- chapter: A JAPANESE BLOSSOM I
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A JAPANESE BLOSSOM
THE children sat in a little semicircle about their grandmother, listening intently as she read to them the last letter from their father in America. Ever since they could remember, his business as a tea merchant had taken him away from Japan on long visits to the foreign countries. His latest absence had continued for three years now, and little Juji--born a short time after his departure--had never seen him.
As the grandmother finished the letter, the children instinctively looked | | 2 first of all at Juji, sitting there in placid indifference, stolidly sucking his thumb. Juji had ceased to be the baby of the Kurukawa family. Afar off in America a new, strange baby had been born, and had taken the place of Juji, just as its mother one year before had taken the place of Juji's mother, who was dead.
When the old grandmother, with whom they made their home, had gently broken the news to the children that their father had taken a new wife from the daughters of America, she had impressed upon them the seriousness of their duty to their new parent. They must love her as a mother, revere her as their father's wife, remember her with their father in their prayers, and endeavor to learn those things which would be pleasing to her.| | 3
Gozo, who was the eldest of the children--he was seventeen years of age--set his little brothers and sisters a bad example. He grew red with anger, allowing himself to be so overcome by his feelings that for a moment he could not speak. Finally, he snapped his fingers and said, as his eyes blazed:
"Very well. So my father has put a barbarian in my mother's place. I cannot respect him. Therefore I cannot further obey him. I shall leave his house at once!"
At these revolutionary words, his old grandfather commanded him sternly to keep his place while he taught him a lesson.
"To whom," asked the old man, "do you owe your existence, and therefore your first duty in life?"
The hot-headed boy, who for a number of years had had neither | | 4 father nor mother to guide him, answered, immediately:
"To the Emperor I owe my existence and duty, sir. He comes even before my father. Therefore, in leaving my father's house to enter the service of Ten-shi-sama [the Mikado] I am but doing my highest duty."
The grandfather looked at the flushed face of the young boy.
"You will enlist?"
"You are too young, my boy."
"I can pass for much older," said Gozo, proudly.
"You are but seventeen," said his grandfather, quietly.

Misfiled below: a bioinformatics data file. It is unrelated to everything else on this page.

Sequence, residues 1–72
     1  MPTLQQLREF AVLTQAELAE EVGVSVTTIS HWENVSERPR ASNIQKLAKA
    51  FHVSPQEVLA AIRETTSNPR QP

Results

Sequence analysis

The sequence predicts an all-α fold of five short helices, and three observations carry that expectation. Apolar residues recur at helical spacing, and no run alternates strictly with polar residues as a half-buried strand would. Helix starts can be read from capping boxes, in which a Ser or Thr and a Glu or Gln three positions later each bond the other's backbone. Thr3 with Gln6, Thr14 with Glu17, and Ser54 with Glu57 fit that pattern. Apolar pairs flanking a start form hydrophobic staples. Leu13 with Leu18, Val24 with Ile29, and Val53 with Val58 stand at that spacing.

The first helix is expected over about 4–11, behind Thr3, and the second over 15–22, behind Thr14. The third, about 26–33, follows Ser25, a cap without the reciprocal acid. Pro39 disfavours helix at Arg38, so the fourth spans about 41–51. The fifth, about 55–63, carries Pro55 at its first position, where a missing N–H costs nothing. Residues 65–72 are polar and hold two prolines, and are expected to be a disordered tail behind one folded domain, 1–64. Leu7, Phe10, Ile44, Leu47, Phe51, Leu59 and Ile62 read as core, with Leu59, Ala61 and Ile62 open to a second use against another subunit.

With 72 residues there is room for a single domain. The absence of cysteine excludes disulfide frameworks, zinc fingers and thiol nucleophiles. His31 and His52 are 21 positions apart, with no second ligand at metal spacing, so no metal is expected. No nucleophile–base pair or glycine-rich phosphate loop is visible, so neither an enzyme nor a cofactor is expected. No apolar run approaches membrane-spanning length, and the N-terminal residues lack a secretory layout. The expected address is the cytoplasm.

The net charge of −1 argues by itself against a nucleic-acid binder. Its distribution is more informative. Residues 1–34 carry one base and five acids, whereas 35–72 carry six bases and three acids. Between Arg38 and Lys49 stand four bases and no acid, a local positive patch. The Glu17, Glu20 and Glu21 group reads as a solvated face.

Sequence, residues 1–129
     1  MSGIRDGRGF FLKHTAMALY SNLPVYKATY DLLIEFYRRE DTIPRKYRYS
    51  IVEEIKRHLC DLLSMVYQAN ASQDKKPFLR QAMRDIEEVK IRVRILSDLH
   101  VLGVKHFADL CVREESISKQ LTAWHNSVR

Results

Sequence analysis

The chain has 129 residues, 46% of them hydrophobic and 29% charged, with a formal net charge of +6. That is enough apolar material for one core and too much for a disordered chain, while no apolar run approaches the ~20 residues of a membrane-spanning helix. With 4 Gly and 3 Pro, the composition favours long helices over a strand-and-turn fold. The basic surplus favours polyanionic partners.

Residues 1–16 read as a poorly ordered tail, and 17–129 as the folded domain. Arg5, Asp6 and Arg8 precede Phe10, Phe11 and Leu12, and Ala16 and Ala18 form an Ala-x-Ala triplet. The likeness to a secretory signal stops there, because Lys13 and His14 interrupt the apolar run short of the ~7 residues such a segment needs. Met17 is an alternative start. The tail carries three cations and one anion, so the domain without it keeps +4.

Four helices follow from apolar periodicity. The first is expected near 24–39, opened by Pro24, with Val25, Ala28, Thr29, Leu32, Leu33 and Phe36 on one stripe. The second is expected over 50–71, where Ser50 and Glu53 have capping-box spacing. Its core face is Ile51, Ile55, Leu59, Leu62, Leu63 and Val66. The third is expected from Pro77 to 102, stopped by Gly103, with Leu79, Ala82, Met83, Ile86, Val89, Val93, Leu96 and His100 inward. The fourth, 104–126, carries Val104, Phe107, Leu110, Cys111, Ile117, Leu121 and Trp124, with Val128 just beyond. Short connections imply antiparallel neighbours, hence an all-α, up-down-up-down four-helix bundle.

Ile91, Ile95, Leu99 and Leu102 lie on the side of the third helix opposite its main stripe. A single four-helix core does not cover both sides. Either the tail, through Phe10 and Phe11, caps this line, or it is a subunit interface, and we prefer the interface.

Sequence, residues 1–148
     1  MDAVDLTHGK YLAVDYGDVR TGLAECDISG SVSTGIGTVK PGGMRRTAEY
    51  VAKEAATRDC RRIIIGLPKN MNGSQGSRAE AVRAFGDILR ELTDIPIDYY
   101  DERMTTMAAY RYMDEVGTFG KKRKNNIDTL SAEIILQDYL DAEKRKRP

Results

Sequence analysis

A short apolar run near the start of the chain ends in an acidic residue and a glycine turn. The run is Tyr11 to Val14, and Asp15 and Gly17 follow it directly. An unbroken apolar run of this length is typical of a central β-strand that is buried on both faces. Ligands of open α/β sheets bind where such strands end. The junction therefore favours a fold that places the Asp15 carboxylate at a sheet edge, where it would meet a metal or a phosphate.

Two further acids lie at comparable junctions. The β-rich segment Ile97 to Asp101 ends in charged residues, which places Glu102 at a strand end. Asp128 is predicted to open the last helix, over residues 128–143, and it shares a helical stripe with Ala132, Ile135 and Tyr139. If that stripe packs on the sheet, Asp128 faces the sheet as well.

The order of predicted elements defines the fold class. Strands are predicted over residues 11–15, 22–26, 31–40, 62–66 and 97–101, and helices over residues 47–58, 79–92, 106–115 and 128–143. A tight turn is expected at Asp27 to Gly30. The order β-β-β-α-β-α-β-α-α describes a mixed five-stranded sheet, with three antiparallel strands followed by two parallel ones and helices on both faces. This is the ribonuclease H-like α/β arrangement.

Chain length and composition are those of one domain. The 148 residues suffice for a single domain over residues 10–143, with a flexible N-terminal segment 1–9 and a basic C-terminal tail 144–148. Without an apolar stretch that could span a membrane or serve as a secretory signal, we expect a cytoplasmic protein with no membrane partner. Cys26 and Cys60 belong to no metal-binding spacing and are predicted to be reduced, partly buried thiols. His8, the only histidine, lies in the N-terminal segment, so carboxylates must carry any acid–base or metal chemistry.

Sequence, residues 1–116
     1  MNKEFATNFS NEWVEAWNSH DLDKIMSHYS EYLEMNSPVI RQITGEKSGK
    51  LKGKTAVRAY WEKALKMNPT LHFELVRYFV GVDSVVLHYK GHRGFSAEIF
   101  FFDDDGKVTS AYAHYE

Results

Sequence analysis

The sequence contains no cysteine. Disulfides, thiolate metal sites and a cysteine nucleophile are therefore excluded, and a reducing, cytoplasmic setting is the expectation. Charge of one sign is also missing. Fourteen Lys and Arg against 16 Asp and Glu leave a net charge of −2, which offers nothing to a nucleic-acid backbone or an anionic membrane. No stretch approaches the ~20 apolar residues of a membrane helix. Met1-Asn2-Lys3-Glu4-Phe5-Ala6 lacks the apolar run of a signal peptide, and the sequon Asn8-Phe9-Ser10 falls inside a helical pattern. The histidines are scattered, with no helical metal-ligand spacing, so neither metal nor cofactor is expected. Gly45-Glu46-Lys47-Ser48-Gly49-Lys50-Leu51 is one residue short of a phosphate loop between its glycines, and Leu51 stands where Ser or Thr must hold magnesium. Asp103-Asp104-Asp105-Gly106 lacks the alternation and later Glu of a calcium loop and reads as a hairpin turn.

The boy's heart heaved.
"Life would be unbearable here," said he, "with such a change in the family."
"Do not use such expressions before your young brothers and sisters," | | 5 said the grandfather, sternly. "You almost make me think you are unfit to be an elder brother."
At this Gozo winced and became pale. He had always been proud of his position as the young master of the family.
Then his grandmother spoke, and her words reached the heart of the boy.
"Be not rash, my Gozo. Our dearest daughter, your mother, would have been the first to urge you to filial thought for your father."
"Grandmother," cried the boy, "I can't bear--" He flung his hand across his eyes as though to hide the tears. Now all the children began to weep in sympathy with their big brother. Miss Summer, the daughter of their father's friend, set up a great wail, declaring between her sobs that never, never, never could | | 6 she be induced to wash the feet or be the slave of a barbarian woman. For Summer, though but twelve years old, was some day to marry Gozo--so their fathers had said--and in Japan a daughter-in-law is under the command of the mother-in-law.
By patience and reasoning, the grandparents at last exacted from Gozo a promise that he would not leave home until his step-mother came to Japan. It was possible she might never come. Gozo, the proud and stubborn, sullenly gave the promise. During the months that followed, however, he seemed greatly changed in disposition. He became studious, quiet, given to gloomy moods, when he would lock himself up in his room and brood over what he considered the wrong and insult done to his mother's memory. He | | 7 would have found it hard enough to bear if his father had married a Japanese woman, but the thought of an American mother overwhelmed him with dismay. He pictured to his young mind her influence upon his sisters Plum Blossom and Iris, twelve and eight years old respectively; in boyish indignation he saw her punishing his little ten-year-old brother Taro, who could not keep his face and hands clean nor keep his clothes whole. One night Gozo dreamed he saw his stepmother in the guise of a hated fox-woman soundly switching with a bamboo stick his little, fat, baby brother Juji. When he awoke in the middle of the night to find it only a dream, he got up from his couch, and, going to where Juji slept, carried him to his own bed. He held the little, warm body closely in his arms. Juji slept on, | | 8 and snuggled down comfortably in his brother's arms for the rest of the night.